Leadership Lessons from Downton Abbey

This is a guest post by friend and mentor Bruce Rhoades, who retired after having run several companies. He often helps me with strategy. I am delighted that he is a regular contributor.

Lessons from Downton Abbey

After six seasons, the popular PBS series Downton Abbey has ended. As the series unfolded, we watched the characters evolve through many changes in their society and personal lives. As the characters changed and matured, there were numerous lessons and wisdom for life demonstrated in the show.



Each of these characters also demonstrated leadership attributes that can be learned from watching them deal with the various situations that confronted them.

Here are a few of the leadership lessons exhibited by the characters:



Robert Crawley, Lord Grantham

  • No strategy will work forever. Watch for environmental and market changes and adapt.
  • Learn to delegate to those who are more suited to new endeavors. Take their advice, trust them and start small.
  • For long-term viability, a leader needs to groom successors and allow others to exercise their talent.
  • A successful leader needs to attract those with complementary skills to his/her own, then allow them to take action.
  • Often the “best man for the job” is a woman.




Cora Crawley, Countess of Grantham

  • Communication, patience and being non-judgmental are necessary to allow others to adapt to change.
  • Sometimes it is most effective to act quietly and consistently in small ways to effect change. Open confrontation elicits defensiveness in others.
  • Open acceptance and acknowledgement of others builds trust and opens communication.
  • Sometimes keeping the peace in the short term provides opportunities for change in the long term.



Mr. Carson, the Butler

  • Giving orders works in the short term but does not create lasting change or personal growth in others.
  • Be respectful of those in your charge, you may need them later to move forward.
  • Failure to acknowledge change weakens your leadership.
  • Expecting perfection limits and stifles the efforts of those around you.
  • Management by intimidation does not create loyalty.





Lady Mary Crawley

  • Wisdom can come from any level in the organization.
  • Arrogance does not foster collaboration, trust or effective leadership.
  • Putting others down does not build you up.
  • For continued success, a leader must acknowledge change and act accordingly.




Lady Edith Crawley

  • Truthfulness will always yield the best, lasting results.
  • Do not overcomplicate the situation and delay action.
  • Measured risk-taking and action builds confidence.
  • Don’t let the future be dictated by the past.



Violet Crawley, Dowager Countess

  • Deal with the situation, not the person. Acceptance of the person creates trust.
  • Ignoring a changing environment does not solve anything.
  • Know when to let others take the lead.
  • Sometimes a leader needs to give stern, unpopular advice.
  • Humor can reduce tension and create a more open atmosphere.


Isobel Crawley

  • Leading by example encourages others.
  • Taking action consistent with communication gets results.
  • Act on your beliefs. Sometimes it takes bold action to make progress and get others “on board.”
  • Even in disagreement, continue communication, engagement and respect.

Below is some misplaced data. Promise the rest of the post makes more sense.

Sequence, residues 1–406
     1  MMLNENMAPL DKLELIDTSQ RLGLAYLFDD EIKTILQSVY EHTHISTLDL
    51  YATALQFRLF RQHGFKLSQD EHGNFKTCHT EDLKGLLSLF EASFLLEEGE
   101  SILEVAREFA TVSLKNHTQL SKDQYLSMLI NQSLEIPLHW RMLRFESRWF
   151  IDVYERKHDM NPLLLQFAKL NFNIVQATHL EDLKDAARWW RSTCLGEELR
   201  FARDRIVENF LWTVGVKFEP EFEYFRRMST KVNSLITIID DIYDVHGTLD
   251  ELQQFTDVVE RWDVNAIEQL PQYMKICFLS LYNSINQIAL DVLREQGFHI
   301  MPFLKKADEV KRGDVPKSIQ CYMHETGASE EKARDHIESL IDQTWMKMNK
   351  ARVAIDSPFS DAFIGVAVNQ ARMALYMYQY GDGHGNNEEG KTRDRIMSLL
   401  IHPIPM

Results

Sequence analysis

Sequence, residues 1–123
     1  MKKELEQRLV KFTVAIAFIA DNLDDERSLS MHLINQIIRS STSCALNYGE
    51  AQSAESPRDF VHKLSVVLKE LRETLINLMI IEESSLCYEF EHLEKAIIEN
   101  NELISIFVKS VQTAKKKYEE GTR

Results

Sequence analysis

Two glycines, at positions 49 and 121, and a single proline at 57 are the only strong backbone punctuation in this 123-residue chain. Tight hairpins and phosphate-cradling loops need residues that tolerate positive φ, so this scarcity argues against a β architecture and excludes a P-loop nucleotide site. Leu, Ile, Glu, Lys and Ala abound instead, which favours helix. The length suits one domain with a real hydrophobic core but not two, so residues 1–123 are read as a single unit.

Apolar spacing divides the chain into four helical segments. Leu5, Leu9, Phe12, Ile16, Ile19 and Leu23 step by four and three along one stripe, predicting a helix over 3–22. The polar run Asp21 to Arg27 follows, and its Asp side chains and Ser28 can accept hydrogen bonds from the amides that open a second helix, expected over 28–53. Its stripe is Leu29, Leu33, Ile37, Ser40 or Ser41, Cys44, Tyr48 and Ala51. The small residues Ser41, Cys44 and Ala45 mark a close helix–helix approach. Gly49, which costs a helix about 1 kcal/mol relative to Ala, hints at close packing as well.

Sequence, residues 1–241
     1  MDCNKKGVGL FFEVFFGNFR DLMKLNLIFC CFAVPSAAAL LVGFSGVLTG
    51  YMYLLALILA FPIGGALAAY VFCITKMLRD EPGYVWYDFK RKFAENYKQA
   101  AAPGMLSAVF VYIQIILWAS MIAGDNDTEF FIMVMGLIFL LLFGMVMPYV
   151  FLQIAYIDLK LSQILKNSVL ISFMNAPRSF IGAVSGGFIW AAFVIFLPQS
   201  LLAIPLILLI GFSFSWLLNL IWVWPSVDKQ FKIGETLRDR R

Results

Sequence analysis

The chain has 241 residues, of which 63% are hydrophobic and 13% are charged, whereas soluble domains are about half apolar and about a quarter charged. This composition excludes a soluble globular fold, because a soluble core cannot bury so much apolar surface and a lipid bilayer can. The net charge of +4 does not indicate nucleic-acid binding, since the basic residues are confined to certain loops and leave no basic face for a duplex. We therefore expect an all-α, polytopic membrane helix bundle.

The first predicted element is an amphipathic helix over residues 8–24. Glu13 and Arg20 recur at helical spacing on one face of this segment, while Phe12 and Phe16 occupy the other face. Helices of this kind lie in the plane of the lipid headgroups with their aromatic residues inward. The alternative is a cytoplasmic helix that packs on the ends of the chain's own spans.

Tom Branson

  • You can lead from any position in the organization.
  • Genuine listening builds trust and collaboration.
  • Actions speak louder than words.




Mrs. Hughes

  • Compassion creates the atmosphere to lead and helps others to grow.
  • Encourage others to help them do their best.



Mrs. Patmore

  • Listening helps people make decisions on their own.
  • Unselfishly serve others to build trust and open opportunities to lead.
  • Act on your strengths to secure your future.



Joseph Molesley

  • It takes risk to change and make progress.
  • You can lead by helping others and help yourself as a result.
  • Encouragement helps others to take risk and achieve their potential.
  • Taking action builds confidence.
  • Don’t let the past define your capabilities.



Anna Smith, Lady’s Maid

  • Persistence pays off; never give up on what you believe and desire.
  • Look for the good in every situation for strength and perspective.
  • Discretion builds trust and opens communication.


Phyllis Baxter

  • Continued focus on the past blocks new opportunities and limits future potential.
  • Bolstering self-confidence in others encourages their growth.


Thomas Barrow



Denker, Lady’s Maid

  • Backstabbing and manipulation does not get results.
  • Deviousness always backfires and undermines trust.



Daisy Mason

  • Look past first impressions to find a person’s true character and talent.
  • Keep learning to grow, achieve results and stay relevant.




Almost every character in the Downton Abbey series demonstrates certain leadership characteristics and styles. However, there are some consistent themes across all the characters that reinforce several effective leadership principles:

  • Genuine listening builds trust and makes others open to influence.
  • For long-term viability, it is necessary to recognize and adapt to change.
  • To achieve broad results, allow others to use their strengths.
  • Encourage others to help them achieve their best.
  • One can lead from any position in the organization.
  • A leader must attract both complementary and new skills to be successful.
  • Leadership through visible action is always effective.

Downton Abbey is not only an engaging series on English culture, expectations and changing roles in society, but it also demonstrates many effective leadership principles. I am sure that you can add to the list of leadership lessons from each of the characters in this series.




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